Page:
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New findings suggest that COVID-19 epidemic is man-made

Scientists found no evidence of the virus in the Wuhan market selling animals

scientists-wuhan-institute-virology-AP In this photo taken Thursday, Feb. 23, 2017, researchers work in a lab of the Wuhan Institute of Virology in Wuhan in central China's Hubei province Claims promoted by the Trump administration that the global coronavirus pandemic originated at the Wuhan Institute of Virology in the central Chinese city are a "pure fabrication," the institute's director said Sunday, May 24, 2020 | Chinatopix Via AP

The hypothesis that COVID-19 leaked accidentally from a Chinese lab in Wuhan was widely dismissed then as an unfounded conspiracy against China. The leak theory, which says that the virus was man-made in a lab, has again come to light as the researchers could not find the viral host that kicked off the pandemic.

After SARS-1 and MERS outbreaks in 2003 and 2012 respectively, studies proved that the virus was found in animals. Hence affected people were hit by Coronavirus that mutated in the host animal. Within months of the SARS-1 and MERS outbreaks, scientists found that animals had hosted the viruses before they could jump to humans. A few months after both outbreaks, scientists found that more than 80 percent of the animals around local markets were infected with the coronavirus. This proved that both SARS-1 and MERS outbreaks are infections that are transmitted from animals to humans.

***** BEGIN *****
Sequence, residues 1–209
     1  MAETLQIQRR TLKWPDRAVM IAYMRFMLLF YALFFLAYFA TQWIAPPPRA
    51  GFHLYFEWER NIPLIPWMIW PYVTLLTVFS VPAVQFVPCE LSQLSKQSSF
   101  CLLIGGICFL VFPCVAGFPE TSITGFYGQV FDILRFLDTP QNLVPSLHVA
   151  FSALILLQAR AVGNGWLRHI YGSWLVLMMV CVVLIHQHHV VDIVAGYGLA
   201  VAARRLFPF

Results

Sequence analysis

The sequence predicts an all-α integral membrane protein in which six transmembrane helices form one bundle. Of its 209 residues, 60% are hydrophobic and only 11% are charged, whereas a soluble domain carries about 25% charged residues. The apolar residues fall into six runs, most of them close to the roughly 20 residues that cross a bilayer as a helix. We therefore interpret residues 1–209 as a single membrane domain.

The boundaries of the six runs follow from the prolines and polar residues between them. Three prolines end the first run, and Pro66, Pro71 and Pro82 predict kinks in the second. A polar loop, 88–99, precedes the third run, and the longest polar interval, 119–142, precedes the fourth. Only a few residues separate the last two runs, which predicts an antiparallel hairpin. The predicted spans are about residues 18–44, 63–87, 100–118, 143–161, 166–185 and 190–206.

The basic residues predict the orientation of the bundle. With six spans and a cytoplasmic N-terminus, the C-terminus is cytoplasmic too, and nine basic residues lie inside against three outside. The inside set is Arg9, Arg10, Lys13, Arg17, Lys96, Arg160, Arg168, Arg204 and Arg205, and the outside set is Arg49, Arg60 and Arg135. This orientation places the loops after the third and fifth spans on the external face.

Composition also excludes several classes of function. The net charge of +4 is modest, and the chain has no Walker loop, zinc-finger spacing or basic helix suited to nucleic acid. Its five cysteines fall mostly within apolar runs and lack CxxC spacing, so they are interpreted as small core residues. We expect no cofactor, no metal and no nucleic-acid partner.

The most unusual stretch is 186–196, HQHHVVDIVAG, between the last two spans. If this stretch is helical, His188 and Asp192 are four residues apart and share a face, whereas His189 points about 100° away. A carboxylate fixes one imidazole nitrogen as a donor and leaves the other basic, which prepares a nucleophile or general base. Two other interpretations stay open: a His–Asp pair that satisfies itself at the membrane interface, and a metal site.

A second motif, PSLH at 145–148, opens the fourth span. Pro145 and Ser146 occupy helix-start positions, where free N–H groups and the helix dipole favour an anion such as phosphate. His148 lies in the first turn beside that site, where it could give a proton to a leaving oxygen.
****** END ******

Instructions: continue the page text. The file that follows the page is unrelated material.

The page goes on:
After the SARS-CoV-2 outbreak, the World Health Organization (WHO) investigation team analysed more than 9,000 hospital samples collected from late 2019—the period before the epidemic started—and found no evidence of pre-pandemic infections. The study of people having Covid-like symptoms in China’s Hubei and Shaanxi provinces proved there were no instances of community infection. WHO team after testing more than 80,000 animals from 209 species in 2020, found no trace of SARS-CoV-2. So from where did the novel coronavirus suddenly come?

The testing conducted among wild, domesticated, and market animals hinted at the possibility of lab-leak theory. 

A coronavirus adapts for the animals before it can spill over to humans and it takes time to optimize itself so that it can infect humans. But the process takes little time in a laboratory-made pathogen using humanised mice.